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Daily Digest: Picture Perfect

This all-time Magic great is very adept at taking pictures of his masterpieces. And this one just might be his greatest yet! Sleeve it up for battle this weekend at #SCGATL!

SCG Tour <sup>®</sup>Atlanta Open Weekend June 4-5!” border=”1″ /></a></div>
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<p>Two Grand Prix, two spicy decklists. <a href=Yesterday I covered Martin Muller’s MonoBlue Prison deck from GP Manchester, and today I have an equally spicy U/R deck from Tomoharu Saito, who equaled Muller with a Top 32 finish on the other side of the pond in Minneapolis.

While the deck sort of defies classification, there is one certainty: no higher-finishing deck has ever had a larger number of Welkin Terns. Twelve?! I didn’t even know you could play that many. Call up the folks at Guinness; we have an edit for their records.

Ultimately I would call it a counter-burn deck, even if it doesn’t have too many of either elements. It’s playing a classic U/R-style tempo game, using the combination of flash creatures and counterspells to make sure you are always making your decisions with the best information. If they play something threatening, you can counter it. If they don’t, you can develop your battlefield and start attacking immediately.

Fevered Visions is an all-star against midrange and control decks, since they will always have trouble emptying their hand and your cards are designed to trade at a mana advantage; you can frequently deal with whichever cards they choose to play while possibly adding a 2/1 flier to your battlefield. The best part about Fevered Visions is you always leave your opponent with a loaded hand when they lose, which is sure to both tilt them and give you some delicious salt to feast on before your next match. After all, keeping yourself fed at Magic tournaments is very important.

Goldnight Castigator and Exquisite Firecraft are your heavy hitters, quickly closing out games once you run out of counterspells and your opponent has some dim hope of actually being able to use all the free cards you’ve given them during the game.

Think about it. You get a few chip shots in with your army of Vaporkins, but your opponent thinks they’re safe because you’re playing nothing but draft commons. They play a spell, and for the first time in the game, it actually resolves. They think it’s smooth sailing now, but you go upstairs with Exquisite Firecraft. After the Fevered Visions trigger, they’re at eight. Some more unanswered spells from your opponent and they are way ahead on the battlefield. Little do they know you have another instant-speed Drake Familiar on the way and a timely Goldnight Castigator to finish the job.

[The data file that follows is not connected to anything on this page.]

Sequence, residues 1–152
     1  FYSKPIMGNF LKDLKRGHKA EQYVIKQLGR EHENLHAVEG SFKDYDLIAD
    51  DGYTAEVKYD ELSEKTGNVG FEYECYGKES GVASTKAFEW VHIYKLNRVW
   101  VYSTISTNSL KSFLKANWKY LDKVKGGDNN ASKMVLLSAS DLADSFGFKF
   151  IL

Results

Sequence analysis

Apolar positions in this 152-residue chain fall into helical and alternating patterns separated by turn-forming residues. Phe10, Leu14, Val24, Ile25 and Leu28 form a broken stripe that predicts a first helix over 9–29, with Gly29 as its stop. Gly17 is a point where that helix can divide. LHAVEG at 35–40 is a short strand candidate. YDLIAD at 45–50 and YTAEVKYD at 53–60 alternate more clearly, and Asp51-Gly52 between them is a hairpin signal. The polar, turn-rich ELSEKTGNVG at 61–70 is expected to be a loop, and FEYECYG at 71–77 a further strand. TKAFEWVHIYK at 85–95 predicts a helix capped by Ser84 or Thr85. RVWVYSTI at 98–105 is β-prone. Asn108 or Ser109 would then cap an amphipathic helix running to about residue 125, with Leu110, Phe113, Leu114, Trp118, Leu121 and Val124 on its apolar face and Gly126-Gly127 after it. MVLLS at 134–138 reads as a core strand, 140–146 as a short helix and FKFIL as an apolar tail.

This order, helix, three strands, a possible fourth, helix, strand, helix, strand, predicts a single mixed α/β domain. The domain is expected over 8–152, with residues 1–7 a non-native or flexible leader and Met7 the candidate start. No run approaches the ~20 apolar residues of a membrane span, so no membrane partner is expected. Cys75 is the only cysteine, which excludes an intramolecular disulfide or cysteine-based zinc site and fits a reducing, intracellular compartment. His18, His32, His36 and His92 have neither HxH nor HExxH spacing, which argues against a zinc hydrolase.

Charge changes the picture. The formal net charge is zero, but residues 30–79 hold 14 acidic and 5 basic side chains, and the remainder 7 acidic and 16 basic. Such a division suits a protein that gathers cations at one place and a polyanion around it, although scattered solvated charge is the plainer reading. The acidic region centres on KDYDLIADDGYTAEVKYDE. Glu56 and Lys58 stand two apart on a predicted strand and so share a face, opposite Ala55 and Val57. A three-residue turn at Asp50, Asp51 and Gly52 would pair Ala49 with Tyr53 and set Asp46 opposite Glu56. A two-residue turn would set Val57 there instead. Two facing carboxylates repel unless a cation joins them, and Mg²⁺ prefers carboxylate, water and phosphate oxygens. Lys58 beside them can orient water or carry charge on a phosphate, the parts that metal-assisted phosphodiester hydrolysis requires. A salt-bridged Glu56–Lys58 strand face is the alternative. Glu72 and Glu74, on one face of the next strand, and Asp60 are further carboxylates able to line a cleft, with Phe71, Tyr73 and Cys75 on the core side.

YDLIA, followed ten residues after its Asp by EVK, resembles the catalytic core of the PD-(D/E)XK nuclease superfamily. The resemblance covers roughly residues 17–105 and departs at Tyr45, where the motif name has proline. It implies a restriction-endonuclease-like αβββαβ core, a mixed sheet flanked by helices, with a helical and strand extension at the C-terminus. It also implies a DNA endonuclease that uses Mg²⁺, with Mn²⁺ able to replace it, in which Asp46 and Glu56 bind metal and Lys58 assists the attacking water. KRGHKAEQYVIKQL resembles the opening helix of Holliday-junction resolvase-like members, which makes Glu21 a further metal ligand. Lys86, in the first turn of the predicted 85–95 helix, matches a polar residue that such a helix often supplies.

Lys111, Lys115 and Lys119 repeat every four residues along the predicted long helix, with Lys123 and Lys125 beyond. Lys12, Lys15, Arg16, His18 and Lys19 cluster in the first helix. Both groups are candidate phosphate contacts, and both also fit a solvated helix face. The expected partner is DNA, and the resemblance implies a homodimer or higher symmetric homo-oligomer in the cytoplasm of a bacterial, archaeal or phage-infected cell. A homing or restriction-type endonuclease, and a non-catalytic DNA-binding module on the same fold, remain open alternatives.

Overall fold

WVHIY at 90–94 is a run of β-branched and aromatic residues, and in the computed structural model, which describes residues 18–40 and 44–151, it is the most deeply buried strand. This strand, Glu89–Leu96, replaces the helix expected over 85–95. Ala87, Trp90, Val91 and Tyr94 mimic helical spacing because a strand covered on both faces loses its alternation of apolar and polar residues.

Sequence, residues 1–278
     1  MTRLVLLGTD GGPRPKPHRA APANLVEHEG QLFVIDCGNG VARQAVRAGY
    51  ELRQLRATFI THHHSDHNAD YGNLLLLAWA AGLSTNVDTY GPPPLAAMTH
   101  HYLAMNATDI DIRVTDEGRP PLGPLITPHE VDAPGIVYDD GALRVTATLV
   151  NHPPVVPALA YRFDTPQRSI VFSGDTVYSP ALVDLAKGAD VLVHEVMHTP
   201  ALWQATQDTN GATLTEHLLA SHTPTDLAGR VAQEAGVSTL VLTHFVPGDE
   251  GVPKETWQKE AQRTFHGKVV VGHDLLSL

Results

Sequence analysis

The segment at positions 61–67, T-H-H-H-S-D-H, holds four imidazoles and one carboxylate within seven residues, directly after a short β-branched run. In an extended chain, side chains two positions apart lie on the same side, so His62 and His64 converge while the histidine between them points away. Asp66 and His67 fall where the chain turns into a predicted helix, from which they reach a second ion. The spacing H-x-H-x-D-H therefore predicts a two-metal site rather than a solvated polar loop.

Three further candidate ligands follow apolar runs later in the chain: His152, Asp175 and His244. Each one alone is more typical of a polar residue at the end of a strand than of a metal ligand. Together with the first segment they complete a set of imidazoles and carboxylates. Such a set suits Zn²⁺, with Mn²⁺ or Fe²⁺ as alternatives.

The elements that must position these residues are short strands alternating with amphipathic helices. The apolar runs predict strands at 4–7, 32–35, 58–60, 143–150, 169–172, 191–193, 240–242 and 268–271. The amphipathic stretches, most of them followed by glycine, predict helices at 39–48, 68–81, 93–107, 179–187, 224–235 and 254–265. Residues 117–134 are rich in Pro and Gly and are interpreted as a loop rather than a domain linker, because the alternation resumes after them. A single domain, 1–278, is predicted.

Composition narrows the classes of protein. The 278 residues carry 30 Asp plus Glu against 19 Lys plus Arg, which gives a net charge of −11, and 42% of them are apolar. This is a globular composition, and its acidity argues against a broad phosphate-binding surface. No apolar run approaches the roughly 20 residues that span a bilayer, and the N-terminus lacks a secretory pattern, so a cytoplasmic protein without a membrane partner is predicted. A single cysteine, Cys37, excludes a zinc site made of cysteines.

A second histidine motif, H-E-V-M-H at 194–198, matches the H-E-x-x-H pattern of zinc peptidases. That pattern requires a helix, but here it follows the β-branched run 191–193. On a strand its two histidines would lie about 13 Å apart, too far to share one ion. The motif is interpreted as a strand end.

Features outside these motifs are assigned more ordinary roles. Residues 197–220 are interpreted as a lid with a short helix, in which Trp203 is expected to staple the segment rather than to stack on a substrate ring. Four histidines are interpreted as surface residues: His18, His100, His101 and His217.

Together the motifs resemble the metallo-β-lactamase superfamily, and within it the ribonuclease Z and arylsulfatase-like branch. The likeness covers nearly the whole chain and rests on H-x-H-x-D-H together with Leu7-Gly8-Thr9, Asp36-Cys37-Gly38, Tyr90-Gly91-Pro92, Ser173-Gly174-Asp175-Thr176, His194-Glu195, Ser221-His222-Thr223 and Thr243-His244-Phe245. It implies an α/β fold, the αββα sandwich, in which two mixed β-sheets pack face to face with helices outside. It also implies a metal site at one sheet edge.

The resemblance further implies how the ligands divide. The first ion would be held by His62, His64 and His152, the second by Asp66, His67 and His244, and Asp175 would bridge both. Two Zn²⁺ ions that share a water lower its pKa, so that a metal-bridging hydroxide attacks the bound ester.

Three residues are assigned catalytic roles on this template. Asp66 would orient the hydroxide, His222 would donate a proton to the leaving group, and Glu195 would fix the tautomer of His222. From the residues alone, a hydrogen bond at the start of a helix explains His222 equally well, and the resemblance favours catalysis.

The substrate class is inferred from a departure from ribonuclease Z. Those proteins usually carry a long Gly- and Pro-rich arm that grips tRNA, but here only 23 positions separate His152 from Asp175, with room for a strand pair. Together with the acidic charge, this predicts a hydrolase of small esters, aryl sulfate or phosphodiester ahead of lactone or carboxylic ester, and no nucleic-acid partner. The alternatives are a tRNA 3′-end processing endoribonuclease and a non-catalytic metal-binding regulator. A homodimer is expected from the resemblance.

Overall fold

Your opponent stares at the board, listless. “I just needed one more turn! I had all these sweet cards in my hand and you are empty-handed!”

You win a lot of these kinds of games with tempo decks. On paper, it’s by a razor thin margin, but in reality it was by design. As such, sequencing is critical, which is why the flash element of the deck is so appealing. You will have enough information to sequence best and thus make the most out of all your cards.

The sideboard lets you shift appropriately by swapping removal for additional counterspells or vice versa. Since extra removal will likely be coming in against creature decks, Goblin Dark-Dwellers comes in for Goldnight Castigator, since the latter’s ability is a huge detriment in those matchups and Dark-Dwellers applies similar pressure while playing good defense, both with its body and its triggered ability recasting a removal spell.

Playing this deck, you will get outclassed in games by the individual power level of other deck’s cards, but tight play will show that your pile of Gossamer Phantasms can compete in a world of Gideons. And isn’t that what Magic is really about? Smugly signing the match slip in your favor while your opponent wonders how they lost to a glorified Sealed deck with their pile of mythic rares?